In this text, Joan Cashin explores the profoundly different ways that planter men and women experienced migration from the Southern seaboard to the antebellum Southern frontier. Migration was a family venture in the sense that both men and women took part. But they went to the frontier with competing agendas: many men tried to escape the intricate kinship networks of the seaboard, while women worked to preserve them if they could. Drawing on archival sources and using the perspectives of several disciplines, Cashin explores the effects of the migration experience on sex roles, the nature of slavery, race relations and a variety of other issues.
Publisher: Johns Hopkins University Press
Number of pages: 216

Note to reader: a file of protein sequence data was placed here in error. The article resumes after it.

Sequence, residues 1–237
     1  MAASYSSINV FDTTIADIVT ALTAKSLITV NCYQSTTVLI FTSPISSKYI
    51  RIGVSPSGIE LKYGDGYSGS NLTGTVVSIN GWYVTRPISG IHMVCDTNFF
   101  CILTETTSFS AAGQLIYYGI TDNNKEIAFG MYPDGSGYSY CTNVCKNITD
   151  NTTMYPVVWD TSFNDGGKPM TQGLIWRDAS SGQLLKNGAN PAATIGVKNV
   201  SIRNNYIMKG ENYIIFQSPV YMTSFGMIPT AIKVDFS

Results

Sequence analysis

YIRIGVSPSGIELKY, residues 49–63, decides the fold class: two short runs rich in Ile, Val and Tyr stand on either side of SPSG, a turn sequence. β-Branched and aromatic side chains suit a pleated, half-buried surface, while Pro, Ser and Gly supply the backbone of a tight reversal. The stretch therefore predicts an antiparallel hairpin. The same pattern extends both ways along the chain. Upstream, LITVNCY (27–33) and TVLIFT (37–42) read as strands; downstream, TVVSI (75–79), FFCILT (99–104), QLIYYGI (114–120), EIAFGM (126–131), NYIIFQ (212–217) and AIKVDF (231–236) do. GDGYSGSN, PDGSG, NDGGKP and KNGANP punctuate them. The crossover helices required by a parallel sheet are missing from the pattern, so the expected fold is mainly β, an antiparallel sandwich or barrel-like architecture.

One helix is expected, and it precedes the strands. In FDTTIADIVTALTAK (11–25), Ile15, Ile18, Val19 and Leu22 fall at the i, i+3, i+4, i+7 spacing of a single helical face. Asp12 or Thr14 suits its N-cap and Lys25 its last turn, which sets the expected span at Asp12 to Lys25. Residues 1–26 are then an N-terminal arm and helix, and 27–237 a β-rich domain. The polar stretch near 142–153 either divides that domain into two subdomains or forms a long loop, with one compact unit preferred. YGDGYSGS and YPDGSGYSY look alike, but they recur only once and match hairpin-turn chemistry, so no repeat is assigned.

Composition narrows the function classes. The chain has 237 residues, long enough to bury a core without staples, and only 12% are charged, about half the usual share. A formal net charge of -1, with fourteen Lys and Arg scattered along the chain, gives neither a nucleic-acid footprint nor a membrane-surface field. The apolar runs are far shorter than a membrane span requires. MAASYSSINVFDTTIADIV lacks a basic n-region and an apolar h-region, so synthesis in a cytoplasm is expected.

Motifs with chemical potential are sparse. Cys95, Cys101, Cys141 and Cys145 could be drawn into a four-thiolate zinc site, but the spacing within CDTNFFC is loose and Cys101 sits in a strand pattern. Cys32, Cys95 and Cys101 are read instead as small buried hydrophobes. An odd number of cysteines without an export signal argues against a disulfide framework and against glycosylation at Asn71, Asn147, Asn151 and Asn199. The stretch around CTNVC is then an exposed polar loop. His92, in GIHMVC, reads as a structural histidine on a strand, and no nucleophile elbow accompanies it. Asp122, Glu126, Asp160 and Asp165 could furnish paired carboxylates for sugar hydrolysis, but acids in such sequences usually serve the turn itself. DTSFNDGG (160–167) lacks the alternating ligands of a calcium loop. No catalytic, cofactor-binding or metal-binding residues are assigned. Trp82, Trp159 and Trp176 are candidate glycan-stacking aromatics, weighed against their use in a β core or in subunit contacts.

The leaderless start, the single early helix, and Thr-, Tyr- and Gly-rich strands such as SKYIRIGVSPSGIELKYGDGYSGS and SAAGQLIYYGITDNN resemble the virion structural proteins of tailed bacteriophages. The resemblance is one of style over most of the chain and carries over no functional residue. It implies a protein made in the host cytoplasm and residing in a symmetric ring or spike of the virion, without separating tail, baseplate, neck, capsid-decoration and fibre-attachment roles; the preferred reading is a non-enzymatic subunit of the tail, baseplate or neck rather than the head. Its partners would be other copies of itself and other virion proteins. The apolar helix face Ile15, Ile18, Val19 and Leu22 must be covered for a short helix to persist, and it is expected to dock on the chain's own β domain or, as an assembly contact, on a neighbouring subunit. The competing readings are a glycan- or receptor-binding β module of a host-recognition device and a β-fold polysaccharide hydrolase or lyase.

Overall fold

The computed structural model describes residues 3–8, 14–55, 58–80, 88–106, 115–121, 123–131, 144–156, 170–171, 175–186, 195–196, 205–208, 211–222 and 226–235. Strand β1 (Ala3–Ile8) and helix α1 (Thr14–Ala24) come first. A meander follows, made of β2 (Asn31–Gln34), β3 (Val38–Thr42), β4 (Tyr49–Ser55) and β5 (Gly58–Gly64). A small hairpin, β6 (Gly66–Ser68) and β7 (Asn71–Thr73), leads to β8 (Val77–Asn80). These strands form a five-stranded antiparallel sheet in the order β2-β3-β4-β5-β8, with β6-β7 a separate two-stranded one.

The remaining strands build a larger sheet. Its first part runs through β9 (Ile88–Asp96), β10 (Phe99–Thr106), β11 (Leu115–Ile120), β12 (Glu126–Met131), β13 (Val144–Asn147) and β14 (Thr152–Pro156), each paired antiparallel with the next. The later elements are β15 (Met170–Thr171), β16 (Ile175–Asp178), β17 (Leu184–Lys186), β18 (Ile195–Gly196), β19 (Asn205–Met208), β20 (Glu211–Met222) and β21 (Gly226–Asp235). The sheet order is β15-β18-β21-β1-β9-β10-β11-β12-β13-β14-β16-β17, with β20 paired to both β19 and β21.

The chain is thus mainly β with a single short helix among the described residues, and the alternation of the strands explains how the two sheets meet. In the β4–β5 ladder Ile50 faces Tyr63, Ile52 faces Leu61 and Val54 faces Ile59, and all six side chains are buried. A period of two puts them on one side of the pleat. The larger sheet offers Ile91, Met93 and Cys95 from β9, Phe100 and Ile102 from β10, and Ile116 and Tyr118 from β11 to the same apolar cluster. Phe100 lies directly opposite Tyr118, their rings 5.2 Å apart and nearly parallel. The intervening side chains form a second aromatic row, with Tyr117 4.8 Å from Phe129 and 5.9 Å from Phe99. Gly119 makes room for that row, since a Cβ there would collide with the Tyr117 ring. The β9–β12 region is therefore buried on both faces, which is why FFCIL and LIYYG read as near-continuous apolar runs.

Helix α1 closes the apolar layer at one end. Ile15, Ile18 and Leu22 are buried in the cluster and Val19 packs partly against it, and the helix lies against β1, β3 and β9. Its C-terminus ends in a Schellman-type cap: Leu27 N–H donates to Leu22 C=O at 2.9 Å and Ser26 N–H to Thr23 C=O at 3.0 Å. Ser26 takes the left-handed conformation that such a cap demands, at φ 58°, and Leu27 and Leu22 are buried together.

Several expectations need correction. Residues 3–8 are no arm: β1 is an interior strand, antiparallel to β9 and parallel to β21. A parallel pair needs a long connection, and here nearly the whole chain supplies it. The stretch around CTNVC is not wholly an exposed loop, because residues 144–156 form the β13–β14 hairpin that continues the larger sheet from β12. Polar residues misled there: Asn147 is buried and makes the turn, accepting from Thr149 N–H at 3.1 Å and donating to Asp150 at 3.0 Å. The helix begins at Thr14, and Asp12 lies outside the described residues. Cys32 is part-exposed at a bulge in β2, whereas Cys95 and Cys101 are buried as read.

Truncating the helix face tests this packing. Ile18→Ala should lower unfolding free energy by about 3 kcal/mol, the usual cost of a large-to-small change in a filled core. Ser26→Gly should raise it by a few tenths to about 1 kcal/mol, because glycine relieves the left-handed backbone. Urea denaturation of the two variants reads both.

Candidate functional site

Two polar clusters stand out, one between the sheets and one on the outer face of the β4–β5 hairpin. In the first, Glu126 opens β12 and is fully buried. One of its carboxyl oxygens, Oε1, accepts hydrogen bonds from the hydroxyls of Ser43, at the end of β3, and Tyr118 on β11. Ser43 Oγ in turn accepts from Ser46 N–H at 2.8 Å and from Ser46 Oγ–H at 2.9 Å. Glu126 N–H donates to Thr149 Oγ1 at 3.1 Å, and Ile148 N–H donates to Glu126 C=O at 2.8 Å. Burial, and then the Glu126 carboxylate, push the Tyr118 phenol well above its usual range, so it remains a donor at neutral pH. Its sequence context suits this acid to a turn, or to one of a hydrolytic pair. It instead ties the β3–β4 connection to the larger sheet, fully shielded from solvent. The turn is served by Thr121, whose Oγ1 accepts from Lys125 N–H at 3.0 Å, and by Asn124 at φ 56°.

Weight: 312 g
Dimensions: 229 x 152 x 12 mm
Cashin's A Family Venture is a deceptively slim volume that packs quite a wallop. In a relatively few pages she comments intelligently, provocatively, and originally on many of the most disputed subjects in southern history-the structure and function of planter families, the status and power of white women, the temperament and achievements of western migrants, and the nature of master-slave relations. Writing with clarity and grace, Cashin brings fresh interpretations to complex problems. -- Jane Turner Censer * William and Mary Quarterly *
This lively, human exploration of race, class, and gender in westering before the great leap of the 1850s provides a new look at the impact of individualism in unsuspected places. -- Sarah Deutsch * American Historical Review *